He took a deep breath while scrubbing his bloody hands. His clothes were caked in blood, and flies encircled the barrels full of severed arms and legs. After wrestling terrified men to the operating table and slicing through flesh and bone for ten hours, he needed water.
“You there!” he shouted at one of his assistants. “Dump those fucking limbs into the water.”
The screams had turned into groans, but he could tolerate the latter far better. The rest of their wounded still lay on the battlefield, waiting for the wagons to bring them back to the camp.
Waiting to be subject to weary surgeon hands.
Among the filthy, agonized faces, he had not seen the young foot soldier that had spoken to him days before the battle. The lad, who was named Jonathan Greene, asked him so many questions about advances in medicine and surgery. The world’s new, bright individuals were being hacked apart as the weeks dragged on.
He found one of the lieutenants and asked for Greene.
“I have not seen him,” the older man answered grimly.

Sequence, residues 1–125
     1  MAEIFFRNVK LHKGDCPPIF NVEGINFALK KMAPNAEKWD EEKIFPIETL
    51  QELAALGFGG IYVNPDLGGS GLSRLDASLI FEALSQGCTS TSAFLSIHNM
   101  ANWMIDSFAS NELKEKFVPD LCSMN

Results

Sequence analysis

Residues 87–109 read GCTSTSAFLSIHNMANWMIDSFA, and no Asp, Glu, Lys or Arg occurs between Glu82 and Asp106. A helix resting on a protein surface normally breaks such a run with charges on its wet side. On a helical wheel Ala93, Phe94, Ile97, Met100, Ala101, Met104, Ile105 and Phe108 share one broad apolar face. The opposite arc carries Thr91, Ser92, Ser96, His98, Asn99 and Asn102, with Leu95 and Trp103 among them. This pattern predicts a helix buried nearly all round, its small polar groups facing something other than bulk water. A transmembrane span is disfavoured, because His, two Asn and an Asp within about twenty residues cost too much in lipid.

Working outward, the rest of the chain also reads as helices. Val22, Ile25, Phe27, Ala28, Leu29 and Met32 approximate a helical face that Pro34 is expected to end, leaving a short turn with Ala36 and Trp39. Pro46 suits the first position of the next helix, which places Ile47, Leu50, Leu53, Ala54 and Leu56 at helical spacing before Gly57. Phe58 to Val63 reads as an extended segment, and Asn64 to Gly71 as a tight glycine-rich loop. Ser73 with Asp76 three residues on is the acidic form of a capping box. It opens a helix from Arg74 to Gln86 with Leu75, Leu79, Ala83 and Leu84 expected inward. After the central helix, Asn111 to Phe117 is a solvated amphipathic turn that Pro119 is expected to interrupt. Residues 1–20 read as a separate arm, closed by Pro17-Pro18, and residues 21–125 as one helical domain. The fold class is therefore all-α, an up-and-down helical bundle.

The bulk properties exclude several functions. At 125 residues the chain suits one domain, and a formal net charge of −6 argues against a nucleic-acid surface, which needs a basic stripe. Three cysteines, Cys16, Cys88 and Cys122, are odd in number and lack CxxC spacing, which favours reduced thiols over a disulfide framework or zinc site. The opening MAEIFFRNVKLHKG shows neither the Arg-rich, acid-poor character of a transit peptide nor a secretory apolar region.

Doctor Hill signalled for the driver of the next empty horse-drawn cart to stop.
“I will help you collect the wounded.” He had wanted to say “mutilated”, but he hadn’t had the energy.
Away from the camp of horrors, cool wind kissed his face. It felt almost unnatural for him to be sitting down. He winced when the farm horse carried them over the hill toward the sea of helpless soldiers. Fog seeped over the bodies whose uniforms were damp and bloody, as though nature were embarrassed by the human cruelty and felt the need to cover the casualties.
The cart halted and the surgeon jumped off. He stared into the pale faces of the dead. A pained whisper came from his left. “Help…”
He stopped to pick up a man and then carried him over to the cart. Yet another one in need of an amputation. Somewhere, Greene laid alone, likely dead and cold. Gone forever, without the honour a good-bye. Or he would be alive and wishing for death.
A soldier appearing to be around Greene’s age attempted to sit up, only to cry out from the exertion and fall back. The doctor went to him. The boy’s torso had been ripped open so badly that some of his intestines poked through the wound. No chance of him surviving.
Doctor Hill took the soldier’s icy hand. “God be with you, son.”
He stood and walked away in search of someone that he could help and became overwhelmed by the thickness of the mists and by death’s stench.